So what did I learn from 2014? What struck me from all my encounters, experiences, research and projects and how did these combine to make sense? Right before the New Year there seem to be countless of smart people who can distill a year into crisp, clever bulleted points out of which they can immediately extract clear and wise-sounding resolutions. I am not one of these people. Things are not bulleted in my memory and I am not even sure when, in the course of a project or event, one year ended and another began. Turning to others’ wisdom and conclusions about 2014 my eye lazily wondered on an article about the future of customer service.
Sure enough there are neat, bulleted conclusions in it that reflect how the writers’ learning during 2014 translated into conclusions for 2015. As I read through them they seemed to add up to a realization I had this past year: how dramatically the conversation with and about customers has shifted and how this shift has catalyzed innovation and growth.
For example, one of the trends the article mentions is Plan B: "Why own a single product, when I can have access to the right product when (and only when) I need it?" This means providing “access when needed to an alternative or backup product which overcomes limitations in the original, puts right an emergency (I've run out! It's broken! It's lost!), addresses a common pain point, and more.” For example a telecoms company offers replacement batteries at a festival; a fashion retailer in Costa Rica “gives customers access to emergency clothes truck.”
Other trends include:
- Video valet, “webcam-enabled face-to-face interaction with their customer service representatives – as and when consumers need it;”
- Adding services to products: “January 2014 saw Dutch retailer JeansOnline launch a home delivery option that allows shoppers to give any unwanted items straight back to the courier;”
- Customization on the basis of an abundance of customer data that is constantly being collected; and, my favorite,
You probably assume that politeness refers to the manner in which a company’s representative treats the customers, right? Wrong! The trend refers to the “democratization” of the provider-consumer relationships that demands politeness by both parties. Examples include a restaurant discounting meals for polite customers who say please to the waiter; McDonald’s and Coca-Cola partnering on a free app in the Philippines, rewarding customers for not using the phones; and a plan in India for rewarding festival participants for putting trash in the designated trashcans.
We are not simply talking about “trends” you can plug into your organization’s operations here, like giving customer service staff a better script for responding to phone inquiries or switching to electronic delivery to increase efficiency. First, customer service can no longer merely involve tactics out of context but the total relationship of an organization with its customers. Secondly this relationship is very different from customer relationships even in the very recent past: it is dynamic rather than passive; it involves equal partners rather than parties in a transaction; and, like all true relationships, requires continuous negotiation and realignment.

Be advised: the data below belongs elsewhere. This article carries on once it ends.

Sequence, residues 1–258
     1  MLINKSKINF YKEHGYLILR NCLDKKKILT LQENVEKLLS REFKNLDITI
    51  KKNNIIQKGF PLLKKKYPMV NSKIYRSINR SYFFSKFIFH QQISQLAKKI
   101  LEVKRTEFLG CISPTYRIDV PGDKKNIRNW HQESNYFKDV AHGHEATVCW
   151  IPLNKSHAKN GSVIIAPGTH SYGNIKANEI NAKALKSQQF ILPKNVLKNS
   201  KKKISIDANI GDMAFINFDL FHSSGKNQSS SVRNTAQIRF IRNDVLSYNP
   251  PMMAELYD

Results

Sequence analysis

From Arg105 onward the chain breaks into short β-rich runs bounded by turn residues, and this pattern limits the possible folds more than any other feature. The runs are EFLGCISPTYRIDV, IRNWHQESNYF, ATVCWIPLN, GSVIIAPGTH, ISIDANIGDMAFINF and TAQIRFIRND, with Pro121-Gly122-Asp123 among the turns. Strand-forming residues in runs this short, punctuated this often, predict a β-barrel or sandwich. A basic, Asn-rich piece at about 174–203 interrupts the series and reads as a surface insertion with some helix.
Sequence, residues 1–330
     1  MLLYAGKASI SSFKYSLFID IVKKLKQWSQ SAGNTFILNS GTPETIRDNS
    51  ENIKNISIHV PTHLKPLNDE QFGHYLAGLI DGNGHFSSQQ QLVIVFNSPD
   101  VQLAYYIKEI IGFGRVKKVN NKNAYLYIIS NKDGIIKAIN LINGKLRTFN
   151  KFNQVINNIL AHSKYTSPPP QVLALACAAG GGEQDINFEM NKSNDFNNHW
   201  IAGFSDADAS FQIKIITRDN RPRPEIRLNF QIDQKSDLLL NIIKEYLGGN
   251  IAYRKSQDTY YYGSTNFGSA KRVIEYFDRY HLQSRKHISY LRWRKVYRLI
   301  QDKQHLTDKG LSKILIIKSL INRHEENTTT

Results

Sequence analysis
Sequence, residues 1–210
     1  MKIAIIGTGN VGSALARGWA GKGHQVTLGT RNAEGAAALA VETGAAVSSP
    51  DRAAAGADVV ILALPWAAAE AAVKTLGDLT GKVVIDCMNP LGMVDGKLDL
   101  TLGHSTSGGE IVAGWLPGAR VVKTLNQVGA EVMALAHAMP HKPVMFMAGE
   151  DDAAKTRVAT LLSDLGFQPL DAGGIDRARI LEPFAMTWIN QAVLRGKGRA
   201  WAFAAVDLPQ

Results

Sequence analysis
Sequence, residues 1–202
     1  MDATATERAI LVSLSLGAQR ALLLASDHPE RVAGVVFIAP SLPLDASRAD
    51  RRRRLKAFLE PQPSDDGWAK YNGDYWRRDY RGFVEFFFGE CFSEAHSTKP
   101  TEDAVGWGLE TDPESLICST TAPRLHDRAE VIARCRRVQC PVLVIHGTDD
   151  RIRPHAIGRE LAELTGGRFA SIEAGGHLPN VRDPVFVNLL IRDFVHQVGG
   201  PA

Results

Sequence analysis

The new customer relationship is anchored in co-creation and constant innovation. Instead of serving, the retailer or service provider is in a race for innovation in an effort to constantly delight and surprise the easily glutted consumer of today, rapidly tiring of “the same old” and thirsting for what the article calls constant “newness.”
Example after example in this article paints a picture of an endless stream of amazing, unique innovations on every level and in every dimension of the customer experience.
In planning for 2015, look at the leaders of customer service, beyond your own sector and peers and consider the standards that they are or will be setting for consumers. This will help you assess your own capabilities for going where your members or consumers are going. Is your organization capable of thinking outside static benefit packages, for example, in order to create added value through “a home delivery option that allows shoppers to give any unwanted items straight back to the courier?” Would your current staff conceive of systems like a video valet to improve your customers’ experience or solve a customer problem? Are they likely to add services and experiences to a program or product to create integrated solutions rather than just add more of the same single programs? Is interaction with customers generating an endless stream of innovations?
This is where customer service is going. It is like a dance with your customers in which you have to be vigilant in order to remain in step with them and be able to execute difficult maneuvers together to continue and enhance the dance.